USM’s can be either linear or rotational, and cameras use the latter. A toothy stator ring has an outer layer of piezo-electric ceramic material bonded to it, typically lead zirconate titanate, and located next to it is a rotor ring. When a high frequency (~20-100 KHz) AC current is applied to the stator it creates a standing resonant wave. If two currents of different phase are applied, then the combination of the two standing waves creates a travelling wave on the surface of the stator with an amplitude of just a few nanometers (Figure 2). In the figure the travelling wave moves to the right, but the retrograde motion of the wave crests moves the rotor to the left, via static friction. Stators typically are toothed, as this creates a cilia-like effect as the tips of the teeth experience their elliptical retrograde movement, pushing the rotor to the left. Figure 3 shows a real camera USM with the AC voltage wires visible, as well as the spring that forces the stator and rotor together. The force of the spring is strong enough to prevent movement with no voltage, but not too strong to prevent the USM from doing its thing when powered.
Converting an image into pixels, encoded numbers representing specific colours, is the function of the image sensor. There is a very active debate about the relative merits of the different image sensor technologies in use. For many years charge-coupled device (CCD) sensors dominated, but lately complementary metal–oxide–semiconductor (CMOS) sensors are more commonly used. A number of factors have driven this shift. Both technologies were developed around the same time (~1970’s) but CCD’s were historically cheaper to produce and gave better images. However, as manufacturing methods advanced CMOS sensors became cost competitive, and they were more suited to the burgeoning phone camera market, due to lower power consumption. Also, over the years advancements have improved CMOS image quality greatly, and CCD’s no longer hold a clear advantage in this respect.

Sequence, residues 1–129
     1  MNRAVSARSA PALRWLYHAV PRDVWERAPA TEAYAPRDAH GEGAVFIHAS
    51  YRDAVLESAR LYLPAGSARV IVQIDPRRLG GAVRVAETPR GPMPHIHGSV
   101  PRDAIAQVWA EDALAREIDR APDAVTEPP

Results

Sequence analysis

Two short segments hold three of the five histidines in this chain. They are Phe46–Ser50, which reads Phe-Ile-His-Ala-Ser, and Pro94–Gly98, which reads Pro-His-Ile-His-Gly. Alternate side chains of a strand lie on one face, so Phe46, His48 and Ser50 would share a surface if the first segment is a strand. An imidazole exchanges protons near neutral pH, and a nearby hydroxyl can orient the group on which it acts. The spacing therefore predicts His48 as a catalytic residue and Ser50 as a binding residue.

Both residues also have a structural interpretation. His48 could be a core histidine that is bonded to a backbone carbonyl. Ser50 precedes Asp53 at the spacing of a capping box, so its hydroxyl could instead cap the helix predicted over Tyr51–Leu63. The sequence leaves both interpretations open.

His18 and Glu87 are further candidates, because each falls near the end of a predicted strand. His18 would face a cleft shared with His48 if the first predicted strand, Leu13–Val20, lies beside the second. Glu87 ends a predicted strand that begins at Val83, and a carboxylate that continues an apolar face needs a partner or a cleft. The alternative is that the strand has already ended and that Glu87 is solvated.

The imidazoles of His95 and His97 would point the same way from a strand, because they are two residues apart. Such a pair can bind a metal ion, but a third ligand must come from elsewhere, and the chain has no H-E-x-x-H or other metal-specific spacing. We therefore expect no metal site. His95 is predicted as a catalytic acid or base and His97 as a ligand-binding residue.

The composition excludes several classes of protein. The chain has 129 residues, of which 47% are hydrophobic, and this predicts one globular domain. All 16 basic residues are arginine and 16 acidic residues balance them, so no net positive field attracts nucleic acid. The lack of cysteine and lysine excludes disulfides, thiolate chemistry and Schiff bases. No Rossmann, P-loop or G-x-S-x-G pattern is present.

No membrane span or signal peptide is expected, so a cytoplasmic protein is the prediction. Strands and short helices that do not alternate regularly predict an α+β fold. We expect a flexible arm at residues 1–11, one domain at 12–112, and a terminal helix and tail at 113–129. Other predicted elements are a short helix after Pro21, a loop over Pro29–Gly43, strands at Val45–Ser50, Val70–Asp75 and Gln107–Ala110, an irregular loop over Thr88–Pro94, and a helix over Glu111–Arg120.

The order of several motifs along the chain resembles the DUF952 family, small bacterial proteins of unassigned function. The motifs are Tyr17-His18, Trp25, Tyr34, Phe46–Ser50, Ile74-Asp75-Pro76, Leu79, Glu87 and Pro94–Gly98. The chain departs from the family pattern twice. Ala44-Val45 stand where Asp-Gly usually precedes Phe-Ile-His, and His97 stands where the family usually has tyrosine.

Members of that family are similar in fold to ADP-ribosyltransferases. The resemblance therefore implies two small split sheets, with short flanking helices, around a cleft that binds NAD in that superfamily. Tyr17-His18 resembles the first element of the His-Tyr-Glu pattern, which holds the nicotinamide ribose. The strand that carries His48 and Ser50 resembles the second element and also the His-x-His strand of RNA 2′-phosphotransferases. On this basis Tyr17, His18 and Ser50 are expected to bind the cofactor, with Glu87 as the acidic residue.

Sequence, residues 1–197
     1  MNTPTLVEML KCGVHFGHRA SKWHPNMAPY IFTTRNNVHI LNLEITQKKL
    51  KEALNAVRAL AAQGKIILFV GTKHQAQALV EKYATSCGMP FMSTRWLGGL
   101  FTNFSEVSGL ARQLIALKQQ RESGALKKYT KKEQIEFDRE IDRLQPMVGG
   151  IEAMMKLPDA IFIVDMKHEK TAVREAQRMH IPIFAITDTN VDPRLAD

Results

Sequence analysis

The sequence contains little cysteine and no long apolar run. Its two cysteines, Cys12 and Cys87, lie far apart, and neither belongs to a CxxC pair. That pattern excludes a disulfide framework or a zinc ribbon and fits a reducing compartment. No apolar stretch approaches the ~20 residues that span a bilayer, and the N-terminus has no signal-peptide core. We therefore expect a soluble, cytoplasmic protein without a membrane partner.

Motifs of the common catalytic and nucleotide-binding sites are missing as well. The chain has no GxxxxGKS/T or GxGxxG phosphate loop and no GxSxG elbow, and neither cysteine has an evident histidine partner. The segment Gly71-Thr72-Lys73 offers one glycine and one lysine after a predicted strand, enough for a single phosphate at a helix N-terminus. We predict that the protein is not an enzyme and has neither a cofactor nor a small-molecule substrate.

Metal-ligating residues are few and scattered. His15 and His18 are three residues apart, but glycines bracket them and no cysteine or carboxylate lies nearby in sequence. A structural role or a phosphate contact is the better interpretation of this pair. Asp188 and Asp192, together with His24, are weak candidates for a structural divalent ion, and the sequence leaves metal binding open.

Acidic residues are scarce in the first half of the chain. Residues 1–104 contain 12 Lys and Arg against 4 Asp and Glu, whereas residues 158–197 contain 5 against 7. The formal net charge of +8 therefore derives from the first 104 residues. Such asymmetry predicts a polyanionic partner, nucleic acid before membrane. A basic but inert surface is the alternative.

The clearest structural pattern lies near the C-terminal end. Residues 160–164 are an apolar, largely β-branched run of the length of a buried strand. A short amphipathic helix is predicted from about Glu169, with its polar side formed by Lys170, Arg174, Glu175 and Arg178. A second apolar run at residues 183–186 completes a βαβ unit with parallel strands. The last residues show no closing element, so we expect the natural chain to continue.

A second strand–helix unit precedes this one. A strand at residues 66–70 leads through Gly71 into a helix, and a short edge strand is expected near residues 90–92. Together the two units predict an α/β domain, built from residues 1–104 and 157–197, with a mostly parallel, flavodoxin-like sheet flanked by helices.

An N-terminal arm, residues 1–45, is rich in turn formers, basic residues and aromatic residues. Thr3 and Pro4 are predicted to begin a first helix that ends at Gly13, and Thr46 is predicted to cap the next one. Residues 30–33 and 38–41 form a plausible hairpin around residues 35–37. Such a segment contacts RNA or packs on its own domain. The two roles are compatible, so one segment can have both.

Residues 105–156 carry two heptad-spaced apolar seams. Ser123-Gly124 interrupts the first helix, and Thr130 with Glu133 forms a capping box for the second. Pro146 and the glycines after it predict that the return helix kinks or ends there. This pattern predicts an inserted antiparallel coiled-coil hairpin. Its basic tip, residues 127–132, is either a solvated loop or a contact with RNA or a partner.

A CCD is a silicon chip with integrated circuits etched onto it, making up a 2D array of light sensors. Simplified, there are four layers: from top to bottom, a gate, glass insulators, an epitaxial layer made of p doped silicon, and finally a silicon substrate. When light (i.e. photons) hits one of these sensors, a number of electrons (proportional to the amount of photons received) are generated via the photoelectric effect. Because the gate on the other side of the insulators has been given a small positive charge relative to the other layers, the electrons are attracted to the gate and congregate next to the insulators which they can’t pass through. The CCD circuitry then passes each of these little “buckets” of electrons to its neighbouring pixel like a fire brigade; at the end of each row of pixels the “buckets” are passed in a similar fashion down columns, and this analog stream of voltages is sent to other circuitry to be amplified and digitized. The beauty of this scheme is that each pixel measures the light at exactly the same time, the entire area of each pixel’s silicon is devoted to sensing the light, plus the integrated circuitry is fairly simple and therefore easy to manufacture. The downside is that the predominantly serial method of analog harvesting is inefficient, with low bandwidth data bottlenecks.